God doesn't need one ounce of our good works. He's got the King's chest...a big pile of merit secured by His Son and placed in its overflowing, eternal storehouse.  The Father looks at the Son's spoils from His war on earth and is satisfied. But though God doesn't need our good works, our neighbor does. We fast, therefore, that we may be freed up toward the types of "Godly motions in righteousness" that bless our neighbor. When I am self-controlled, my wife and my children are blessed. When I am not self-controlled, I hurt them. Though God doesn't benefit one ounce from my good works, my neighbor does a whole lot. So, we might say that a truly Gospel-centered Lent "horizontalizes" the works of the season. 

Furthermore, a truly Gospel-centered Lent understands with Cranmer, Luther, Calvin, Bucer, and the other reformers that it is only in focusing on Christ's work for us (our justification) that enables our work for the sake of our neighbor (our vocation). Therefore, Lent in the light of the Gospel remains, just like all the other seasons, all about Jesus. 

Worship planners and leaders, a great Lent makes much of Christ. 

*Diarmaid MacCulloch, Thomas Cranmer: A Life (New Haven: Yale, 1996), 417.
**C. Frederick Barbee and Paul Zahl, The Collects of Thomas Cranmer (Grand Rapids: Eerdmans, 1999), 34-35. 

On the Assumption that the New Testament is Vague on Worship Practices Because God Wants Freedom

A Great New Worship Book

I've been plowing my way through what I think is one of the best worship books to come out this year, Robbie Castleman's Story-Shaped Worship: Following Patterns from the Bible and History. In her introduction, she helps dispell a myth that I long believed--namely, that the New Testament is vague on worship practices so that post-NT-era worshipers would not unnecessarily codify the contextualized practices of the early church into hard and fast rituals.  Castleman says:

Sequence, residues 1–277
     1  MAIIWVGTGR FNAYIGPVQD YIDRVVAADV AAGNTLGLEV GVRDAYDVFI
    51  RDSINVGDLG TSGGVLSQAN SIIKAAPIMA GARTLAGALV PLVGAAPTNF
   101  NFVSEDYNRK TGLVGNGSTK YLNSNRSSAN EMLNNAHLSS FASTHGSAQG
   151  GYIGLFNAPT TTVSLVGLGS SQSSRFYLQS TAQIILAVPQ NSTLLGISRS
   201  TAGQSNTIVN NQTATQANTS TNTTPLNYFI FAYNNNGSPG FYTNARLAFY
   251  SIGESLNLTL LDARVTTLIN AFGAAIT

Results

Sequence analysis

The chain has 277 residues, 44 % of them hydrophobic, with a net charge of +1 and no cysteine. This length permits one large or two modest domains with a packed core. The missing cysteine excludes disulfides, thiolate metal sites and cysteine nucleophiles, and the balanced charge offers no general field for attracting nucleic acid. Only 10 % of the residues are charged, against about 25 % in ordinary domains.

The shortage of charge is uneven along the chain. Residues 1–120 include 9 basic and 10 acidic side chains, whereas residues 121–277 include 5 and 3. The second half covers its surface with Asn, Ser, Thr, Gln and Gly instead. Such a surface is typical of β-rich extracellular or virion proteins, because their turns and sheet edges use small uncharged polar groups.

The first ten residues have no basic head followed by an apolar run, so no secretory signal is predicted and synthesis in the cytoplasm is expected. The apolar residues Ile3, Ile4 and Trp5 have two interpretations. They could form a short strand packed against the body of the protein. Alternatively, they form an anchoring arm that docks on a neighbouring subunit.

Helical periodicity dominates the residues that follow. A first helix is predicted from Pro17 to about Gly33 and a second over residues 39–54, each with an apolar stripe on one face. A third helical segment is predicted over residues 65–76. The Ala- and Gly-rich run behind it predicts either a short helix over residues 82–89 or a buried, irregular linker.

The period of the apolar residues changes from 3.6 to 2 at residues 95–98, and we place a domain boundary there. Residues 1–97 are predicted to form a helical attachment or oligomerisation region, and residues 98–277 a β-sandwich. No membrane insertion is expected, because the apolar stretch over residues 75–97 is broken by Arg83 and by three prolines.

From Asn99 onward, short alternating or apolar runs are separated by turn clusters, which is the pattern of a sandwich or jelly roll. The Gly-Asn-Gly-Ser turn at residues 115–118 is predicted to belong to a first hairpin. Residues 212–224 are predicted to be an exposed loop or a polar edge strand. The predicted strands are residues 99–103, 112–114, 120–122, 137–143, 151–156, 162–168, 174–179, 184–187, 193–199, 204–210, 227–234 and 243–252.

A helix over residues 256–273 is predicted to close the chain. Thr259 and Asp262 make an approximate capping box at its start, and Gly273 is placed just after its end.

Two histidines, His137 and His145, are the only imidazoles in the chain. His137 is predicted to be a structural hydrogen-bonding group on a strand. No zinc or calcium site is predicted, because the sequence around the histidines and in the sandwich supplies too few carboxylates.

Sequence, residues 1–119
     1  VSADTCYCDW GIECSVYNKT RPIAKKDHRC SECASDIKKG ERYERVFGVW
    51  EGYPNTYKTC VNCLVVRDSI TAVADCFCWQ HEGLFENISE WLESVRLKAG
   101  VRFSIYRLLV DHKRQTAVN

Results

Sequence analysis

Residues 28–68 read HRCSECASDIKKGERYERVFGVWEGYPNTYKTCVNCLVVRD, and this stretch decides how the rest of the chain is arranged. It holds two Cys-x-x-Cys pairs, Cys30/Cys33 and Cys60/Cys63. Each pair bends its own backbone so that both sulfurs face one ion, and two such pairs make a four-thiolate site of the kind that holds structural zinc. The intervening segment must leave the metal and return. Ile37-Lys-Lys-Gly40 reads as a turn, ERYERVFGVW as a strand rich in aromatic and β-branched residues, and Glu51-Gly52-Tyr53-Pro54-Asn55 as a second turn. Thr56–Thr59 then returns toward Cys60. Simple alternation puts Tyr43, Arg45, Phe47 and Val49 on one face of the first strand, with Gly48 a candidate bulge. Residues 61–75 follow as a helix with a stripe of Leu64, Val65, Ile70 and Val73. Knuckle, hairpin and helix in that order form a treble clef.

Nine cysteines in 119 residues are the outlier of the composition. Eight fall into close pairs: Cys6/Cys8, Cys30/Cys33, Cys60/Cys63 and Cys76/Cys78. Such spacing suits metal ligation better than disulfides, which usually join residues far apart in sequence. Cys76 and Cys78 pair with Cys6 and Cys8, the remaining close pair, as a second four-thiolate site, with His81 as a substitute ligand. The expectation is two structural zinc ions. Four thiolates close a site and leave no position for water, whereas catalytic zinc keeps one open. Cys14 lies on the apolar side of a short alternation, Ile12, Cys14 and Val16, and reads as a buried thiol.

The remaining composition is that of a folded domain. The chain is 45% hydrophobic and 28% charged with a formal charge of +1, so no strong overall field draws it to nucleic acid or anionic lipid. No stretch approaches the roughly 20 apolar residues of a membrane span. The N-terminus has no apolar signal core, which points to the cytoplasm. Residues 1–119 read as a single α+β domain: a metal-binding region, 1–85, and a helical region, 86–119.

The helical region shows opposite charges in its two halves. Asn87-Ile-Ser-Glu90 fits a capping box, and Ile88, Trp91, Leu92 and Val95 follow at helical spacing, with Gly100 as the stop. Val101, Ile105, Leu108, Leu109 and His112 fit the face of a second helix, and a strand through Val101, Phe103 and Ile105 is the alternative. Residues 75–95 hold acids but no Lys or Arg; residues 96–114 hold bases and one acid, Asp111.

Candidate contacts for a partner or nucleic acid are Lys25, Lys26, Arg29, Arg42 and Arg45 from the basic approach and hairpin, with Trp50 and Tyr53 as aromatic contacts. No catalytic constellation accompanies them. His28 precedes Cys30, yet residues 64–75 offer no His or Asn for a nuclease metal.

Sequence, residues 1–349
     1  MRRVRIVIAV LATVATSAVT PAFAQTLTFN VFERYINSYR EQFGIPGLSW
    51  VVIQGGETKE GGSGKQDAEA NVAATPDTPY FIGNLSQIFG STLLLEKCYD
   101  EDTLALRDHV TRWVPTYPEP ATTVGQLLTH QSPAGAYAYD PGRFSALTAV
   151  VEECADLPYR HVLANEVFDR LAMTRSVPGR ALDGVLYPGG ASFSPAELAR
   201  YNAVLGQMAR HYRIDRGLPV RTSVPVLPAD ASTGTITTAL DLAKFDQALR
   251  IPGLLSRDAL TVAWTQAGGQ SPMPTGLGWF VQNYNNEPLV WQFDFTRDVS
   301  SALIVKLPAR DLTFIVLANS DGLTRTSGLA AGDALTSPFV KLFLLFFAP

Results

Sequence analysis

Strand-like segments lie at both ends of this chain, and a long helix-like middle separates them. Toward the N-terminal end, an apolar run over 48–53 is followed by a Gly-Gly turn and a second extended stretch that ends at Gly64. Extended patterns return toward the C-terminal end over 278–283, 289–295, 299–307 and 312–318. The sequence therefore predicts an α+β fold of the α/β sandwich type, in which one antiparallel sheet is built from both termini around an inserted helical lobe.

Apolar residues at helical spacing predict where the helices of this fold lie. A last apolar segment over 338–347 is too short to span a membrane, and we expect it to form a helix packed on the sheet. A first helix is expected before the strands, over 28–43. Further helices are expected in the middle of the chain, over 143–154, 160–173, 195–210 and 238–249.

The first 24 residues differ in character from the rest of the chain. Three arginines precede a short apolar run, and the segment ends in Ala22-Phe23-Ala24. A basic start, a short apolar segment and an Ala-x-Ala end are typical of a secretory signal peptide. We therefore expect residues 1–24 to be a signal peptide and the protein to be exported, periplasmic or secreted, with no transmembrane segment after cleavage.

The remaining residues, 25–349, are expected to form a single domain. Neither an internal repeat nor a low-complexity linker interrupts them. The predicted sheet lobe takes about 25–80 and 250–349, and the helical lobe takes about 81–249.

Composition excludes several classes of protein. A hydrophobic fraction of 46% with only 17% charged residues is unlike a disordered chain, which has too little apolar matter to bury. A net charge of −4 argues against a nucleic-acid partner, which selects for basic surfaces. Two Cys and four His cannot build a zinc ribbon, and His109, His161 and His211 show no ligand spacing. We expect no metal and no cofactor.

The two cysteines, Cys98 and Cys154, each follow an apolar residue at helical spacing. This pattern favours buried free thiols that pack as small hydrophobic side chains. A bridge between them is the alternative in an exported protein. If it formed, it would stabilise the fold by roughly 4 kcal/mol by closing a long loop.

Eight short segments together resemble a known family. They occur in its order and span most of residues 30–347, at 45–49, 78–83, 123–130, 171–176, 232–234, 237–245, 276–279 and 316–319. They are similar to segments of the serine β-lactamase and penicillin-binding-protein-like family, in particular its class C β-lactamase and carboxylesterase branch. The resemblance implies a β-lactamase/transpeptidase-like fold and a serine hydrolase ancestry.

Because Paul and all the New Testament writers, with the possible exception of Luke, assumed their readers were familiar with the worship practices of Israel, the foundation of God's people upon which Christian congregations were built, there is very little descrption in the New Testament of corporate worship. When descriptions do emerge in the earliest documents of the Christian church, it is not surprising that they reflect the influence of Jewish patterns for the worship of God. In addition, Luke, whose first readers were predominantly Gentile, often includes details concerning Jewish customs to aid early non-Jewish Christians in understanding the Jewish foundation for fthe faith and practice of the church. And this is as it should be. God has, in fact, given his people in the context of his story of salvation, the shape of worship designed for God's own pleasure and blessing. It is this great story that God employs as the basic shape for worship that is, indeed, biblical.*

In conversations about a "biblical theology of worship," evangelicals, even pretty heavy-hitting scholars, too easily downplay the patterns of worship assumed and incorporated from Jewish practices that would have been etched into the doxological habits of the first Christian worshipers.  Once that valuable piece of knowledge is forgotten, we start to miss the countless ways the New Testament displays, teaches, and informs both the theology and the practices of Christian worship.  Let me tease out just one example.